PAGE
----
Music Hall of Williamsburg
Laura Marling

Laura Marling

Steve Gunn

Mon, September 9, 2013

Doors: 7:30 pm / Show: 8:30 pm

Music Hall of Williamsburg

Brooklyn, NY

$25

Sold Out

This event is 18 and over

Limited seating available.

Laura Marling
Laura Marling
In her native England, singer-songwriter Laura Marling, who just turned 21 in February, has often been described as an old soul, wise beyond her years. Her work is indeed preternaturally mature in its worldview and self-assured in its execution, but -- as her third album and Ribbon Music debut attests -- it's equally informed by a youthful sort of fearlessness. On A Creature I Don't Know, Marling is forthright about her emotions, frank about her desires, and she's not above having a bit of fun before the going gets too rocky. For example, the album's final track, "All My Rage," has a purposely misleading title: it's an exorcism, a celebration, dancing away accumulated trouble on the disc's liveliest arrangement, a disarmingly upbeat climax to an engrossingly candid journey.

While so many artists of any age attempt to locate their inner child, Marling, with a sometime steely gaze, measures the prerogatives of youth against the looming realities of adulthood, the spectre of mortality, the betrayals of love, the balm of sex, the yearning for companionship, the need for independence. Of late, England has produced some impressively sophisticated young pop artists like Adele, James Blake and the XX, but the folk-oriented Marling remains in a class of her own. As the Times Of London recently posited, "Who else is making music as ambitious, as haunting, as centuries-straddling, as thought-provoking and artistically tenacious as this? And the answer is: nobody. No, really. Not a soul."

Marling, who started out -- briefly but auspiciously -- with a stint in the group Noah and the Whale, was a mere 16
when she independently released her first singles and almost immediately gained serious stature as a key figure on
Britain’s burgeoning young folk scene, alongside such artists and friends as singer-actor Johnny Flynn and Mumford
& Sons. The two startlingly self-assured albums that followed -- Alas I Cannot Swim (2008) and I Speak Because I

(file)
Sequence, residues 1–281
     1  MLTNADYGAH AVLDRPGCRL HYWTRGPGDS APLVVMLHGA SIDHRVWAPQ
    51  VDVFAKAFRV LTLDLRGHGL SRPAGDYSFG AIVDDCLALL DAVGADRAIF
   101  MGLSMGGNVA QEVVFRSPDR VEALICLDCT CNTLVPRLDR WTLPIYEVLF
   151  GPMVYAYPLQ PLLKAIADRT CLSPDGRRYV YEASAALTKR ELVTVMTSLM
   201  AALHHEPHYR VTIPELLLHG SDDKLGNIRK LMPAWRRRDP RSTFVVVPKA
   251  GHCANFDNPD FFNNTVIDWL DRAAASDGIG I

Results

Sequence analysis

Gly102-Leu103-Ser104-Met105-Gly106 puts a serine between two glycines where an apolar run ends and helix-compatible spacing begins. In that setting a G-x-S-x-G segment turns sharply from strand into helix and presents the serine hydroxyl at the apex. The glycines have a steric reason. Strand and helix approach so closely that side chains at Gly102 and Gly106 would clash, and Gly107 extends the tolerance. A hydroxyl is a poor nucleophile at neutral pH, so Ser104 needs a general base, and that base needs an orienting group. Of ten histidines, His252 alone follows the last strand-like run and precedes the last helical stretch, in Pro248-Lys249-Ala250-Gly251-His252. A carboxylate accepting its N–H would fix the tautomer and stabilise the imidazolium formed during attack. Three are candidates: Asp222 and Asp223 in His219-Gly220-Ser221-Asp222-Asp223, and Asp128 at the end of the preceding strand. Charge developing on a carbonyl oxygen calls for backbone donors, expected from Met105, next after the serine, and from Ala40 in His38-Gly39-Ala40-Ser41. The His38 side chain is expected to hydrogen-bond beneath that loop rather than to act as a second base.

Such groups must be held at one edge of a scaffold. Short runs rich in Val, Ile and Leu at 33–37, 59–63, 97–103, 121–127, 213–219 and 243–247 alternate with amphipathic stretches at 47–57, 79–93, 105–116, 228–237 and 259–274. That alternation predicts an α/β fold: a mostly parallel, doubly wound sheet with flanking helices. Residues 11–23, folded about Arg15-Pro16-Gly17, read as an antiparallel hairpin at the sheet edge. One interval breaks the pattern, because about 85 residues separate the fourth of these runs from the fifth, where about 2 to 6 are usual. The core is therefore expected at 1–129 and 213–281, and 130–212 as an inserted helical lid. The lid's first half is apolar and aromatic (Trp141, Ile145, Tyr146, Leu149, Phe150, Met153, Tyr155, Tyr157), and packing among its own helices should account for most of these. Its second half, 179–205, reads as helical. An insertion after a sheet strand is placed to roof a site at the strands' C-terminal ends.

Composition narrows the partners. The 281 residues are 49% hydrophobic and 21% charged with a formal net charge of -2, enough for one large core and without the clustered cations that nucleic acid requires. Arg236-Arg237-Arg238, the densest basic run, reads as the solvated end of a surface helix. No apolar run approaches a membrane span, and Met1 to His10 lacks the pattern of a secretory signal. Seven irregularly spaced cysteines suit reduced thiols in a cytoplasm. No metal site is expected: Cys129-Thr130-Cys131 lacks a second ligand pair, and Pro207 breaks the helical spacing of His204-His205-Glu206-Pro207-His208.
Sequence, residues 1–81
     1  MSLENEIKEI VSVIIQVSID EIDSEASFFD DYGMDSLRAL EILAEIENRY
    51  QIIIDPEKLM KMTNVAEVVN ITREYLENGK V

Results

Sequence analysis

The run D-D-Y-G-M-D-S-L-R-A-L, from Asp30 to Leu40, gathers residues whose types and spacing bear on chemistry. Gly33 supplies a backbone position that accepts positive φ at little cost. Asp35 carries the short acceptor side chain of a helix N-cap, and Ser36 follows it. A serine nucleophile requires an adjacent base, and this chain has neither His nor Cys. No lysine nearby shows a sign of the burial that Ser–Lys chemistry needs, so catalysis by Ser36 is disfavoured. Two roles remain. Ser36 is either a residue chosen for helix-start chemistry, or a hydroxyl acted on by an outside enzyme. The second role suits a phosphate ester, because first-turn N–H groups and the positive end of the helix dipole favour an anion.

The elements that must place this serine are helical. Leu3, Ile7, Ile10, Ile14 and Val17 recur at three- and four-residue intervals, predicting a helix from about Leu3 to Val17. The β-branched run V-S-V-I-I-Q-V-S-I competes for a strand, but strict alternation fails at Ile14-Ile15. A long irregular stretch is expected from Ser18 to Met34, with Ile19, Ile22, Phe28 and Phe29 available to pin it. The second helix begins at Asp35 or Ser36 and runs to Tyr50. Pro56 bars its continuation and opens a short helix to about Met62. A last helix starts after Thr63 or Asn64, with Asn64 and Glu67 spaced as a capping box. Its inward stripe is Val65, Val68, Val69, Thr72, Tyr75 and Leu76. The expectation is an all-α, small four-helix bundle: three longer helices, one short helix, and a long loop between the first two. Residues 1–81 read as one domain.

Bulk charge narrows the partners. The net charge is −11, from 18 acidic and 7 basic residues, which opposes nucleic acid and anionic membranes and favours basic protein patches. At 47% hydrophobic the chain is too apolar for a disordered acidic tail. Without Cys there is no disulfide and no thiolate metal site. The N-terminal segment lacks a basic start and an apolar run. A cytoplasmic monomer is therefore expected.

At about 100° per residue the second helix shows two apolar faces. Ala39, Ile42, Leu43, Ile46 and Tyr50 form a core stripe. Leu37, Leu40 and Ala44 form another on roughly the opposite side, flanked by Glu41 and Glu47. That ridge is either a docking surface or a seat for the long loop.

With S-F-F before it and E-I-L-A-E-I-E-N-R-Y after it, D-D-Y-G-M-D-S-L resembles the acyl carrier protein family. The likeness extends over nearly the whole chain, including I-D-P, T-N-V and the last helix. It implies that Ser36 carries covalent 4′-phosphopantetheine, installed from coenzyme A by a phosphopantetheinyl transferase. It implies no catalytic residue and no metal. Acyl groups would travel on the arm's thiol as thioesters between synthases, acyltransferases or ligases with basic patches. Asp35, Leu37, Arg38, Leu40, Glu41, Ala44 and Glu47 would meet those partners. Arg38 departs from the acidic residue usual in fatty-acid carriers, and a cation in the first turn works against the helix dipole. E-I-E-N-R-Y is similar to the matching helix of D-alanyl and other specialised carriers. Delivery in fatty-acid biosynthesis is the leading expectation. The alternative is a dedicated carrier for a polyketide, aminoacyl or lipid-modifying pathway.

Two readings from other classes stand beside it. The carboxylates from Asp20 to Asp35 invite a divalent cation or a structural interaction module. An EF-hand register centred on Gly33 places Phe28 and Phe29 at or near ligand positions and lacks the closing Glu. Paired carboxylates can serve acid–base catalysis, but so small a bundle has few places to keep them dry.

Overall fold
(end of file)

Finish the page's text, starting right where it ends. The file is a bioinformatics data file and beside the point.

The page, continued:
Can (2010) -- brought the self-effacing and relatively shy Marling an extraordinary level of acclaim in her
homeland, with each of them in turn being nominated for the U.K.’s prestigious Mercury Prize. She subsequently
won a 2011 Brit Award, England’s equivalent to the Grammy, as Best British Female and an NME Award as
Best Solo Artist.
Steve Gunn
Steve Gunn
Steve Gunn is a New York-based guitarist and songwriter. With a career spanning nearly fifteen years, Steve has produced volumes of critically acclaimed solo, duo, and ensemble recordings. His albums with GHQ and longtime collaborating drummer John Truscinski represent milestones of contemporary guitar-driven, forward music. A voracious schedule of international performances has cultivated a fervent fanbase for Gunn’s music throughout the world.

Mining the catalogs of Basho, Bull, Chapman, and Sharrock, among other titans of stringed-things and record-session royalty, Steve has steadily processed these inspirations into a singular, virtuosic stream. Friendships and collaborations with Jack Rose, Tom Carter, Meg Baird, and Michael Chapman colored the disciplined evolution of the discursive, deconstructed blues sound, at once transcendent and methodical, that is now Gunn’s signature. Close listening reveals the influence of Delta and Piedmont country blues, ecstatic free jazz, and psych, as well as Gnawa and Carnatic music, on the continually unfolding compositions.

Gunn’s 2009 solo masterpiece, Boerum Palace, demonstrated a fully realized power for songcraft. Steve started to sing more and developed a commanding vocal style equal to his guitar practice. His acclaimed instrumental duo recordings with Truscinski, Sand City (2010) and Ocean Parkway (2012), cemented his place among the top of his peers, both present and past. These documents display Gunn’s compositional penchant for charting musical travelogues that ramble through city and wilderness alike. Dispatches home are not merely descriptive but corporeal; the evocative, rhythmic power of his writing and phrasing carries the listener along bodily. Steve builds songs as exploratory vessels, opens them up for mechanical tinkering, and lives in them through ceaseless improvisatory permutations.

Paradise of Bachelors is thrilled to release Time Off (2013), his first album as leader of a trio including longtime friends John Truscinski on drums and Justin Tripp on bass, and a record on which Steve’s compelling singing features more prominently than ever before. The album features his oblique character sketches and story-songs about friends, acquaintances, and denizens of his Brooklyn neighborhood, using the trio band format to launch his compositions into new, luminous strata. This is Gunn at the top of his game, writing his most memorable tunes and lyrics, utterly unique but steeped in traditions both vernacular and avant-garde.
Venue Information:
Music Hall of Williamsburg
66 North 6th St
Brooklyn, NY, 11211
http://www.musichallofwilliamsburg.com/